Kraft certainly wishes he had done more research on Hernandez’s off-field activities before giving him the extension last August, but he felt at the time that signing Hernandez to a long-term deal was the best move for the team. Hernandez’s rookie contract was supposed to run through the 2013 season, and the Patriots felt like they could get better value if they had signed him to a long-term deal before he reached free agency.

“If you let the best players go to free agency or get to the last year, you usually pay more,” Kraft said. “It was a business decision. We were paying for performance. He was undervalued his first two years, then we wanted to get him in range.”

“We can look back, obviously it wasn’t the correct decision. When something isn’t right, we try to correct it.”

Kraft reiterated that he and other top members of the organization had decided a week before Hernandez’s arrest that they would cut him if he was arrested in any way in connection with the murder investigation, even if it were for a charge like obstruction of justice.

“If any member of the New England Patriots organization is close enough to a murder investigation to actually get arrested — whether it be for obstruction of justice or the crime itself — it is too close to an unthinkable act for that person to be part of this organization going forward,” he said.

Kraft said the incident has cast a pall over the organization over the past two weeks, and he worries that it could be a big distraction during training camp, which begins on July 25.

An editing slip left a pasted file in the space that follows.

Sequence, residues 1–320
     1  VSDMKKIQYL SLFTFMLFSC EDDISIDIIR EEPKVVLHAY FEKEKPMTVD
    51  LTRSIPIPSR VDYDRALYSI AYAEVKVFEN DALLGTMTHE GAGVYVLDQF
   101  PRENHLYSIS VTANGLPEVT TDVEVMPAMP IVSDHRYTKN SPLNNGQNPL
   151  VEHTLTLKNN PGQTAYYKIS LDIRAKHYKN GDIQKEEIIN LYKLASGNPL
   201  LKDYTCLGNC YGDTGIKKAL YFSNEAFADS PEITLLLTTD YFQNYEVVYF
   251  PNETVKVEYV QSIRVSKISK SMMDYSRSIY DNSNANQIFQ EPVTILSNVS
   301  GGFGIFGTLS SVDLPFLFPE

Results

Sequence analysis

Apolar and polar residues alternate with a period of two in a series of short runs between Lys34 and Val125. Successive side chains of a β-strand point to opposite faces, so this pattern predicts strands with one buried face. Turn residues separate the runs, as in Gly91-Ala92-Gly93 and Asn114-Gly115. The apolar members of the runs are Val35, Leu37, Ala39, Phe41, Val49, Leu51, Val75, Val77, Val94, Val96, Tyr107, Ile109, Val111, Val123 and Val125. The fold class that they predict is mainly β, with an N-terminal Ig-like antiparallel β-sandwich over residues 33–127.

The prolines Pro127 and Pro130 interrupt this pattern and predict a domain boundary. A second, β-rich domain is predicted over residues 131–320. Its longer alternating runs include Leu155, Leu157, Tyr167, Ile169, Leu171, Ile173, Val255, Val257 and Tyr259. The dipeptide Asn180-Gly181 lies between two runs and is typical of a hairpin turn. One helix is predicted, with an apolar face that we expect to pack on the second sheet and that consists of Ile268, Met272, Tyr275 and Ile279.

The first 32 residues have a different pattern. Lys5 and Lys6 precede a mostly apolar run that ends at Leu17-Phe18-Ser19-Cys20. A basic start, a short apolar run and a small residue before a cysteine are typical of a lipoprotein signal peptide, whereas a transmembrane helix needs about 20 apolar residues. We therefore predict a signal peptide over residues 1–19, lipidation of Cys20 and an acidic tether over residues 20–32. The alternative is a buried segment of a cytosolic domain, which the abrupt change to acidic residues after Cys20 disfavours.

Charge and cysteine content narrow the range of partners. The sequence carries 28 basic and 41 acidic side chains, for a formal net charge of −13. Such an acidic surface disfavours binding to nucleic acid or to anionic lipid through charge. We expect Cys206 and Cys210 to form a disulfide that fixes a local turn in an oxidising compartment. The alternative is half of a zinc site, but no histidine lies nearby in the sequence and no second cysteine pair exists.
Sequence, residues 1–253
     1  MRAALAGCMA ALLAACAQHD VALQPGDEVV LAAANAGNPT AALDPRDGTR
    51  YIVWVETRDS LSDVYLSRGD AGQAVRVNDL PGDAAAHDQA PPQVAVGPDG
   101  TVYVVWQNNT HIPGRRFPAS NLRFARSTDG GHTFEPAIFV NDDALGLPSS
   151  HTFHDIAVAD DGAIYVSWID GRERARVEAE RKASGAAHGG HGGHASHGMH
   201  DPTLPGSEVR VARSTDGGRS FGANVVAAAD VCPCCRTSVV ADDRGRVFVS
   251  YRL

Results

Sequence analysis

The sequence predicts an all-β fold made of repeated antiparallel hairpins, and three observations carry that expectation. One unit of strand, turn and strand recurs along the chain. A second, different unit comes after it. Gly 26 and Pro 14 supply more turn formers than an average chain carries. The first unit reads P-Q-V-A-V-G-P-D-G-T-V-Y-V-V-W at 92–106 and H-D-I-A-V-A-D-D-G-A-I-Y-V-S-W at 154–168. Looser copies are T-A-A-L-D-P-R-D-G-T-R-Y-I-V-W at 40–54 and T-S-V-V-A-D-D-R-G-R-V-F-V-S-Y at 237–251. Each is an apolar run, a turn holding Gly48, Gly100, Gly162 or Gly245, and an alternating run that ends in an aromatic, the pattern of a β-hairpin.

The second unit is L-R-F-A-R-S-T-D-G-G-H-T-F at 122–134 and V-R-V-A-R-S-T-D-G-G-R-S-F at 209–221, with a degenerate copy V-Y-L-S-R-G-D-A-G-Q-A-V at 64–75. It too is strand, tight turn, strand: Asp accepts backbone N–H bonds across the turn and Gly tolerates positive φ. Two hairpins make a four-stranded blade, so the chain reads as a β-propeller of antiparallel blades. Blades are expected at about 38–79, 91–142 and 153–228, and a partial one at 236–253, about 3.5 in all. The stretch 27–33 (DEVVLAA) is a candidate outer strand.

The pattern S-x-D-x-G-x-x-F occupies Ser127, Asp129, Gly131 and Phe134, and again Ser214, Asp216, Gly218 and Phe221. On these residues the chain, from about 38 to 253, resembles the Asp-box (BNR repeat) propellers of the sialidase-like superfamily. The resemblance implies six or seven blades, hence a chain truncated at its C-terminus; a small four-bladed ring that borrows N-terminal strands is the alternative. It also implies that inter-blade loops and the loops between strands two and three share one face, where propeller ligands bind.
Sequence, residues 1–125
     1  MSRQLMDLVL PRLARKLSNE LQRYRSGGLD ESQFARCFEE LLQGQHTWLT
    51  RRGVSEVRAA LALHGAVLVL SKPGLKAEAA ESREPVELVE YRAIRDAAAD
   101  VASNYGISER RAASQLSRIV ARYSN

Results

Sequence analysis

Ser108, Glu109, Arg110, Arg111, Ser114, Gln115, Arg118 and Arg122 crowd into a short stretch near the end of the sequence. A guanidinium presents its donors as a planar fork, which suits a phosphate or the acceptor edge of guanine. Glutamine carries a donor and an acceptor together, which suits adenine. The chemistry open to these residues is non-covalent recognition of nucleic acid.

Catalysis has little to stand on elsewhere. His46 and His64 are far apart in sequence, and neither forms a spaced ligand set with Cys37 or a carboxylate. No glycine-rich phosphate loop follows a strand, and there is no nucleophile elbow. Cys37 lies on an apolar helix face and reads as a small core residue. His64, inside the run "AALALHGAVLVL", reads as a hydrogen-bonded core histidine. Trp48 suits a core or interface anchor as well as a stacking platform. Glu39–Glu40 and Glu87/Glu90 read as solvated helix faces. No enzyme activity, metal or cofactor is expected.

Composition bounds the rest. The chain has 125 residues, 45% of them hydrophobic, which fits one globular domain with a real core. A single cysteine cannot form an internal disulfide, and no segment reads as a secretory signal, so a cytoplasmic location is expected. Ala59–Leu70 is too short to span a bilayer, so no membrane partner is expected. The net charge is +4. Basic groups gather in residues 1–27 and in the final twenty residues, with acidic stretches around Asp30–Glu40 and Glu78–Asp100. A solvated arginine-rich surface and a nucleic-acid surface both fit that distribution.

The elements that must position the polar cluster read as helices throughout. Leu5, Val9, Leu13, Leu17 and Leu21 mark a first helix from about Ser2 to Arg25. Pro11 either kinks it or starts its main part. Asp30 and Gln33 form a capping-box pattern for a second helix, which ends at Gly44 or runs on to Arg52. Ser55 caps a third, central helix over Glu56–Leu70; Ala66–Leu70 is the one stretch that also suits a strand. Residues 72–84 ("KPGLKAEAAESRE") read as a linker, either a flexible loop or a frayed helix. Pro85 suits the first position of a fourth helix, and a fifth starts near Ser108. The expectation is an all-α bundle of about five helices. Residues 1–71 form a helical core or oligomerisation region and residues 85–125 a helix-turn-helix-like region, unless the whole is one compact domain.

“Everything we don’t want is happening,” he said.

Cutting Hernandez also has saddled the Patriots with a couple of large salary cap hits — $2.5 million this year and $7.5 million next year — but Kraft said that cutting Hernandez was the only option the team had.

“It was principle, over money or cap or anything else,” Kraft said.

Principle is also why the Patriots were willing to take a $250,000 hit over the weekend when nearly 2,000 fans exchanged their Hernandez jerseys for another player’s at the Patriots ProShop. Kraft said the team plans to destroy the jerseys by grinding them up and donating the material for recycling purposes.

Kraft expressed extreme regret that a member of his organization appears to be involved in a homicide.

“The most sad thing is the Lloyd family lost a son, a brother,” Kraft said. “I’m really sorry, and my heart goes out to the Lloyd family.”

Ben Volin can be reached at ben.volin@globe.com. Follow him on Twitter @BenVolin